Virginity should not be taboo in college

Holly New

There is pressure to have sex.

College students are consistently subjected to messages that push sex. From Cosmopolitan’s tips for having better intercourse to sexually suggestive songs like Flo Rida’s “Whistle” and Rihanna’s “Birthday Cake,” the implication is obvious.

Back in the day, pre-marital sex was extremely frowned upon. If you had sex before marriage, you certainly didn’t talk about it. However, I do realize it’s the 21st century. Sex doesn’t hold the stigma it used to. But even with all this sex talk, there is a group unaccounted for: the virgins.

Jenny Lugar of MacLean’s On Campus, a Canadian news site, said in a March column that “Virginity seems to be one of the only taboos left on sexually liberated university campuses.” Virgins in college seem to be exception to the norm.

As I was shuffling through funny pictures on the Internet, I happened upon a tweet from a fake Will Ferrell feed that read: “Being a virgin these days is something to be proud of, because it’s so rare. You’re like a freaking unicorn!”

Are virgins really that rare, though?

“Of those surveyed by the Centers for Disease Control and Prevention, 27 percent of men and 29 percent of women ages 15 to 24 reported being virgins,” according to Elizabeth Lopatto in a March 2011 Bloomberg.com article. That’s a decent chunk of people.

Sharon Jayson of USA Today wrote in a March 2011 article that the Centers for Disease Control survey “reflects an emerging paradigm that is altering the nature of sex and relationships among young adults: fewer men than women on campuses; a more openly sexual society that often takes cues from media, and a declining desire to make relationship commitments early in life.”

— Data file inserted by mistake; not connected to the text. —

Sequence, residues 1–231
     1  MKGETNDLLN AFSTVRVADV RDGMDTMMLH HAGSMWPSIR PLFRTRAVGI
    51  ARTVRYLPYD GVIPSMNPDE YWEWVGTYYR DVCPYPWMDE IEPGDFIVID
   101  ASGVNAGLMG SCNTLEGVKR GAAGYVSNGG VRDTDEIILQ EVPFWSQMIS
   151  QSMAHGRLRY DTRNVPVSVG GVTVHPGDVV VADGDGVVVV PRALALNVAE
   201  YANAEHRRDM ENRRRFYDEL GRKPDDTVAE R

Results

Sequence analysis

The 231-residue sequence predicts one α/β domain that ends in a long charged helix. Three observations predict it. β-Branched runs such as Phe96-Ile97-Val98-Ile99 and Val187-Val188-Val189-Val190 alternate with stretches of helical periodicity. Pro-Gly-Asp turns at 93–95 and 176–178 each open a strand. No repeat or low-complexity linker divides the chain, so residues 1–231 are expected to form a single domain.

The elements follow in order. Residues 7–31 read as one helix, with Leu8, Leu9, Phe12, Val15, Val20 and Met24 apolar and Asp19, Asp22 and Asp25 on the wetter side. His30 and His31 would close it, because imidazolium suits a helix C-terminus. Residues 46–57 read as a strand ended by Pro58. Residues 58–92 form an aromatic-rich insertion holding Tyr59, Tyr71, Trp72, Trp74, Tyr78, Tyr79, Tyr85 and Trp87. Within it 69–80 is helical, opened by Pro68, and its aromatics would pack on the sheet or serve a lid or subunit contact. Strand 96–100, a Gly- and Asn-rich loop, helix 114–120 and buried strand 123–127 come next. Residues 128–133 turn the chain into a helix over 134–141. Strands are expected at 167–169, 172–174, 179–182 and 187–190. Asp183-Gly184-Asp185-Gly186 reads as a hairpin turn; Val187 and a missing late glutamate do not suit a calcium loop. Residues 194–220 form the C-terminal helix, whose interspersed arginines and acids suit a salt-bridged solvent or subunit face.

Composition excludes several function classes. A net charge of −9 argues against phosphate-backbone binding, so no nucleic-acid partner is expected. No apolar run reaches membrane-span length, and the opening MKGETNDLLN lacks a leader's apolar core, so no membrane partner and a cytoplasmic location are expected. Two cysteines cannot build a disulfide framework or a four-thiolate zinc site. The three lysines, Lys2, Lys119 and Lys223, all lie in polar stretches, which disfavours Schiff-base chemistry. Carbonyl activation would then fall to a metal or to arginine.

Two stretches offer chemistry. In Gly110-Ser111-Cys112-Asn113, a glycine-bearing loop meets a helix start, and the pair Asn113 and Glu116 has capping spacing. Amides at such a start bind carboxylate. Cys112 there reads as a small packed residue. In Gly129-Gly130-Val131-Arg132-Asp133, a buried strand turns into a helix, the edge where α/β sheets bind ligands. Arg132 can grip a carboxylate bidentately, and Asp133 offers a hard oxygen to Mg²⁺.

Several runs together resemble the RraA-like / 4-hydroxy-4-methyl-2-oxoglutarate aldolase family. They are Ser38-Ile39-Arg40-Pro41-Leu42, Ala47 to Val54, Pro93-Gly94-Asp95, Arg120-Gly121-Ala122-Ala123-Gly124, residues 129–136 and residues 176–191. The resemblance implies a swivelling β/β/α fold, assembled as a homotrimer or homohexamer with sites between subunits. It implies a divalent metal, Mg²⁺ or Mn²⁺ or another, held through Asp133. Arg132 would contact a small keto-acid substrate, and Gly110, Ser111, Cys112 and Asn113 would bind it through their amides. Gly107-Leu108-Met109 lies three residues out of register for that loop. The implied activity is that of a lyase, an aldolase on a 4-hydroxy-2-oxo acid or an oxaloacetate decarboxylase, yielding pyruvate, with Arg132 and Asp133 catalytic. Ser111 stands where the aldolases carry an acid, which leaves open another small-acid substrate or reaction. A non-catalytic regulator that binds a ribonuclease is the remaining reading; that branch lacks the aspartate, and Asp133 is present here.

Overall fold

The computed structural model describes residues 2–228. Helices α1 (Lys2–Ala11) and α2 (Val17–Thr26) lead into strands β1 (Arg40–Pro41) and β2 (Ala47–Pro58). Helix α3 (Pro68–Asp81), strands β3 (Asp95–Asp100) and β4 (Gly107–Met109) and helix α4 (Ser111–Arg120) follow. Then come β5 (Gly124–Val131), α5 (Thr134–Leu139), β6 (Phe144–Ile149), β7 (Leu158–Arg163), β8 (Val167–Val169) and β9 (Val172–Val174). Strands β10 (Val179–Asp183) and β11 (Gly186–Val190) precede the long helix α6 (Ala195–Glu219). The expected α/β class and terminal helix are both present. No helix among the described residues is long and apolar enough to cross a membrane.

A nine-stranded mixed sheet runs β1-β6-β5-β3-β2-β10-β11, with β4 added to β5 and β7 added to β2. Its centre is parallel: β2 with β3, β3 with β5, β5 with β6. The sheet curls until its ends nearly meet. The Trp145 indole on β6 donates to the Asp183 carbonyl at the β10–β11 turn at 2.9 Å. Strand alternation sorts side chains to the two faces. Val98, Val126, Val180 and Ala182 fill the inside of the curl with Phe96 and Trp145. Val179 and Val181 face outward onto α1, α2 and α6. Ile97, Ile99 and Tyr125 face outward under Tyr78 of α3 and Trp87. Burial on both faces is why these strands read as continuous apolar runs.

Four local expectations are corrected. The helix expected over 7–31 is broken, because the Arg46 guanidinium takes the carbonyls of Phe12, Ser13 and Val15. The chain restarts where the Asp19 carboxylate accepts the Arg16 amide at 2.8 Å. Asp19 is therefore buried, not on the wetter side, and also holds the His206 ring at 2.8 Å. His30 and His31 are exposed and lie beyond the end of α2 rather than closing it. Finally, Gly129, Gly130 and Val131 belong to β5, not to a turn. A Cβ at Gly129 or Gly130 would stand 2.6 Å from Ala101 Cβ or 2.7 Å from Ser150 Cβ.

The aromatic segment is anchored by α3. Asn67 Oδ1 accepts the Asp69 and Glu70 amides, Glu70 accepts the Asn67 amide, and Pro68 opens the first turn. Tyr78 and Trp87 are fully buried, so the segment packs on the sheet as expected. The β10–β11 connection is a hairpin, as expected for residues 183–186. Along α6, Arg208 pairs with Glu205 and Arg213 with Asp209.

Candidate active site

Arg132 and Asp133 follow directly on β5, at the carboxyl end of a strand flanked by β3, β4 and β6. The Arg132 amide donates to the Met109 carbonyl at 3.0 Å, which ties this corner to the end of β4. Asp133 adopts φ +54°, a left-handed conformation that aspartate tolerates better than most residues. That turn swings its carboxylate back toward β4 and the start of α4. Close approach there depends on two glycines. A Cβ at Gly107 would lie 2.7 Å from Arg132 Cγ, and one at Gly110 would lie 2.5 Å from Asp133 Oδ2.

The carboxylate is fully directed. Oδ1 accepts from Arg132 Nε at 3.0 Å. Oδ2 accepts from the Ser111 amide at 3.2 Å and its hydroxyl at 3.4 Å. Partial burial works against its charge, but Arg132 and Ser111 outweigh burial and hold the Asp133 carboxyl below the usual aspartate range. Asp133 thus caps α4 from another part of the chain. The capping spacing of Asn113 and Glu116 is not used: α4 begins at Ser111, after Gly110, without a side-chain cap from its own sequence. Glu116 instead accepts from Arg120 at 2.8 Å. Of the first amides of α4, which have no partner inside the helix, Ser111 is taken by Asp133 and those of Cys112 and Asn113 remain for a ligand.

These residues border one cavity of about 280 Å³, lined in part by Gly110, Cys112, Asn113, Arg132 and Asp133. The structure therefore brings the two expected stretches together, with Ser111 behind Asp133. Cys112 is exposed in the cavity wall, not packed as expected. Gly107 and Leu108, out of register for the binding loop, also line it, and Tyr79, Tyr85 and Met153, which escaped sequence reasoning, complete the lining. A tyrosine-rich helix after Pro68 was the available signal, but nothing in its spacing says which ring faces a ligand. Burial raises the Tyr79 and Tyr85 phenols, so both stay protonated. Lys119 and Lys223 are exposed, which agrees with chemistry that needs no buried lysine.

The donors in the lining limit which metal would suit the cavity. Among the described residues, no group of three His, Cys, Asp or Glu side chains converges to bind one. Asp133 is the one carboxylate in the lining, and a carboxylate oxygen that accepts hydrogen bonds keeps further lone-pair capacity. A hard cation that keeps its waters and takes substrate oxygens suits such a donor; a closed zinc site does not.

So even with a considerable percent of people remaining virgins, why is there still a stigma?

It’s impossible to deny a stigma exists. Celebrities like Taylor Swift and Tim Tebow are consistently made fun of for being virgins. Virgins have to explain to others why they are still virgins, as if they have missed a rite of passage necessary for entering adulthood. Times have certainly changed.

The decision to remain a virgin can stem from various reasons, from moral beliefs to simply not finding the right person. For college students who feel the pressure to “lose it,” know there is nothing wrong with being a virgin. Actually, being a virgin comes with various perks: Not becoming pregnant, not contracting a sexually transmitted disease and not feeling regret over the first time top the list.

Sex is an important part of adulthood, and it’s important people recognize waiting isn’t shameful. I think despite all the pressures, choosing to remain a virgin takes maturity and responsibility. Sex and celibacy involve personal choice, and whichever route a person decides to take should be respected.